MS. WOODCOCK: We like to do unannounced inspections.

REP. DEGETTE: Okay. So if there are things we can do to help you get that authority, that would be useful?

MS. WOODCOCK: Although I do believe we have the authority. There's just a host of practical problems. For example, we can't go find a plant that has shut down for a month-long national holiday and have our inspectors wait around a month till they get online again, because we need to inspect them when they're producing product. So those are some of the practicals.

REP. DEGETTE: Well, perhaps you can have your staff get back to us --

MS. WOODCOCK: Absolutely.

REP. DEGETTE: -- to see if there are some barriers that we could help you break as we look at proposed legislation.

There's a couple of other questions. On Tuesday, unfortunately, I couldn't be at the hearing because I was busy flying in. But you said that the FDA currently lacks subpoena authority and it would be helpful if you had it. Is that correct?

MS. WOODCOCK: That's what I stated.

REP. DEGETTE: And can you briefly describe how subpoena authority would benefit the agency?

MS. WOODCOCK: I would like to, but it would be better to get back to you since I'm not a lawyer; I'm a doctor. And what would help is for us obviously to be able to subpoena witnesses and documents and things like that to aid in our investigations. But as far as --

REP. DEGETTE: But you've been advised by your legal counsel --

MS. WOODCOCK: Correct.

REP. DEGETTE: -- that it would be helpful to have subpoena authority.

MS. WOODCOCK: I have been advised by our compliance experts.

REP. DEGETTE: Okay. I understand that historically your inability to copy and retain a firm's records during an inspection has been a problem. Would it be helpful if you had clear authority to copy and retain records?

MS. WOODCOCK: I don't know the answer to that question.

REP. DEGETTE: Okay. I would appreciate it if you could get back to me as we develop the legislation. Some of us think the bill probably needs to be clarified on that point. And I will tell you, I am a lawyer, even though I'm on inactive status, and it is helpful if you can get documentation as you go forward and be able to retain it.

One last question is -- and you mentioned some of this, but I want to talk about the new FDA office in China for a second. I'm assuming that having foreign-based staff would help improve some of the current issues with foreign inspections like the language barriers, cultural barriers, insufficient time for thorough inspections.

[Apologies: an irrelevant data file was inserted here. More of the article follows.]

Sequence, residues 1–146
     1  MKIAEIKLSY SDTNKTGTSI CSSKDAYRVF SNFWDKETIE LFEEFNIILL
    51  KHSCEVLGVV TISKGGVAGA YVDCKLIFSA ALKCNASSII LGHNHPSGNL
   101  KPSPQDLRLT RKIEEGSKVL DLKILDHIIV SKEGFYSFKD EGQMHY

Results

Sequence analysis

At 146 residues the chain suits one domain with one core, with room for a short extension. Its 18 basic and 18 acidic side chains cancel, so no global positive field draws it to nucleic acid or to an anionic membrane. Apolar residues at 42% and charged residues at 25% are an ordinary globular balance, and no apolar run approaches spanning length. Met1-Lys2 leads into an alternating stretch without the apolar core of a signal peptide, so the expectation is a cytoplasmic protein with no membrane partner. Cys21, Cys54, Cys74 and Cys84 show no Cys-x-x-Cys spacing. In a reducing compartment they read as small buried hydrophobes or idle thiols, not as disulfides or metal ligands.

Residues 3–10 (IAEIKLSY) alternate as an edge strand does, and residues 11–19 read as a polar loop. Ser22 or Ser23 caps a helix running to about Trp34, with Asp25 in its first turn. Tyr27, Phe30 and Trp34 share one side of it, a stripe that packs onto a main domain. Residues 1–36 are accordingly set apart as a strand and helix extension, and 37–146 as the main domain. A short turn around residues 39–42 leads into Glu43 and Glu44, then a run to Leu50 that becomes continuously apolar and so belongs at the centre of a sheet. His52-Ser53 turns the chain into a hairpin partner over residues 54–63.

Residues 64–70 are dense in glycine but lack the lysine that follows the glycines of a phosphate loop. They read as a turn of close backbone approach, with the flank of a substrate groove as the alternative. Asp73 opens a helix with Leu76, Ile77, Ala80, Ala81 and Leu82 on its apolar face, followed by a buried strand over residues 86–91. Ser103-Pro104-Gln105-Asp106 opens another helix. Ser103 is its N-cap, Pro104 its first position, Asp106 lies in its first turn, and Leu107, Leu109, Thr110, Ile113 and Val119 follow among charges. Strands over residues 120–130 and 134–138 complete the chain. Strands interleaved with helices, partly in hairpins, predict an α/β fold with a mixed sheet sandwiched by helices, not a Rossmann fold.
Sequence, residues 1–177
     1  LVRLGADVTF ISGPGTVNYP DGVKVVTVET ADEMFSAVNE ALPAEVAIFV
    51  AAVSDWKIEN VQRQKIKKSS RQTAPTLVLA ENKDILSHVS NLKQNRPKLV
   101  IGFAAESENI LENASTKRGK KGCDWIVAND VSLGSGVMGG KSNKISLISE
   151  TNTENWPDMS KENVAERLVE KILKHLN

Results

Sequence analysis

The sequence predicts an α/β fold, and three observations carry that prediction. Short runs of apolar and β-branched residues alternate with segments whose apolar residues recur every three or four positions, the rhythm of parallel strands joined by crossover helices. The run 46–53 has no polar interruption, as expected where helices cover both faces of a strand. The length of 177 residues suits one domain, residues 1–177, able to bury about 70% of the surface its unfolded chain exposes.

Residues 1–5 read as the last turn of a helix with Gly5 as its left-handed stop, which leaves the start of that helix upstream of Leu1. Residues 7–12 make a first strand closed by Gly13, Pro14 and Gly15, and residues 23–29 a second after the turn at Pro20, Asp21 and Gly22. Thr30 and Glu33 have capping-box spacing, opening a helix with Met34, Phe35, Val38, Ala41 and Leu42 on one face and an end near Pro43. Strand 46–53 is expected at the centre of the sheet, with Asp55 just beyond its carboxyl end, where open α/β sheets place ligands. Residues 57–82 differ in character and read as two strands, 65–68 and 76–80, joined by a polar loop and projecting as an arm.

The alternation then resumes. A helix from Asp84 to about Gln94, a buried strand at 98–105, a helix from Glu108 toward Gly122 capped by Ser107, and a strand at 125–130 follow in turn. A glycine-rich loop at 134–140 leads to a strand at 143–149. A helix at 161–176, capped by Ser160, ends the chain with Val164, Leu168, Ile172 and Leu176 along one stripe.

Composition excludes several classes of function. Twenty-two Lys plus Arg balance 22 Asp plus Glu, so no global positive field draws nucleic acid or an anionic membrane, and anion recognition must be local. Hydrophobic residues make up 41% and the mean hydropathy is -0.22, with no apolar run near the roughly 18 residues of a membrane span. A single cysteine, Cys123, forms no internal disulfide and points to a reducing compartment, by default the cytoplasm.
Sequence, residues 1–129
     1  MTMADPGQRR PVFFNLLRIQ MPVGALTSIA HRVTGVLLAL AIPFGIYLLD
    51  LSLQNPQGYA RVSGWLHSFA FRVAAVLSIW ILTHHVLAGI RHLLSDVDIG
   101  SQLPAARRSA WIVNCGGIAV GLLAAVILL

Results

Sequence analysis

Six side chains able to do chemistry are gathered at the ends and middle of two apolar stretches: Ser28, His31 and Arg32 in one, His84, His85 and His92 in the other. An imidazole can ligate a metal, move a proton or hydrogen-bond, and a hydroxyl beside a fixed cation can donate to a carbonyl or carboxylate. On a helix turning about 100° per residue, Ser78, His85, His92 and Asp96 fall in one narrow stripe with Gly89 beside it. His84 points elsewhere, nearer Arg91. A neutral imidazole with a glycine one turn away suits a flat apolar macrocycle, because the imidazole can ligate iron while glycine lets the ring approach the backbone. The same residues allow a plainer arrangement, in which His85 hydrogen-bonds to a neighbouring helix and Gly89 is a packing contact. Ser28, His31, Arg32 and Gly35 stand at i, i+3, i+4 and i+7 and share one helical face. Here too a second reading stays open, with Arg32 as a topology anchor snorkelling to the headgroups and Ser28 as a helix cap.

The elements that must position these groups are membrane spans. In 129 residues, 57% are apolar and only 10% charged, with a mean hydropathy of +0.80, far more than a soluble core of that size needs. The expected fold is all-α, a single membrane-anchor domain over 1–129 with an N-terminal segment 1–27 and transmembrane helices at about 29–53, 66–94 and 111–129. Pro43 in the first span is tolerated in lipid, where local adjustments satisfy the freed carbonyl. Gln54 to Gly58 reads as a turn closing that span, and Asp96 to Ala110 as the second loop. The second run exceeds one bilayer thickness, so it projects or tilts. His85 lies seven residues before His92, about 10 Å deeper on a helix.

But I'm wondering if the new FDA office in China will facilitate sufficient changes within the inspection process to ensure that the inspections are adequate in nature and on par with domestic inspections. Is that the goal of the FDA?

MS. WOODCOCK: Certainly we want to attain that. However, having an office in China, although it will help with the issues you raise --

REP. DEGETTE: Right.

MS. WOODCOCK: -- will not put the resources against doing the every-two-year inspection, which is the goal domestically is to be -- not just do a pre-approval inspection of a plant, but be in that plant every two years.

REP. DEGETTE: And so what would help us meet that goal --

MS. WOODCOCK: That requires --

REP. DEGETTE: -- for the Chinese manufacturers?

MS. WOODCOCK: That requires, as I said on Tuesday, additional resources to have more inspectors.

REP. DEGETTE: Okay. And will the FDA officials in China, with this office, now be able to perform unannounced inspections?

MS. WOODCOCK: Well, potentially they could. As I said, my understanding is that FDA has the authority to do that. However, China is a very big country, and we're talking about a small office of FDA officials. It isn't to address the entire problem of --

REP. DEGETTE: Well, so I'm confused, because you say that you think unannounced inspections are important. You say that you think you have the authority, but what you're saying is you're not so sure you're going to do it because the office is small.

MS. WOODCOCK: I just believe there's a resource issue in covering all the facilities in China.

REP. DEGETTE: Right. So you're saying you don't think you're going to do unannounced inspections or you're going to try to do them, or what?

MS. WOODCOCK: It would increase the probability of us being able to do any given inspection on an unannounced basis.

REP. DEGETTE: Okay.

Thank you very much, Mr. Chairman.

BREAK IN TRANSCRIPT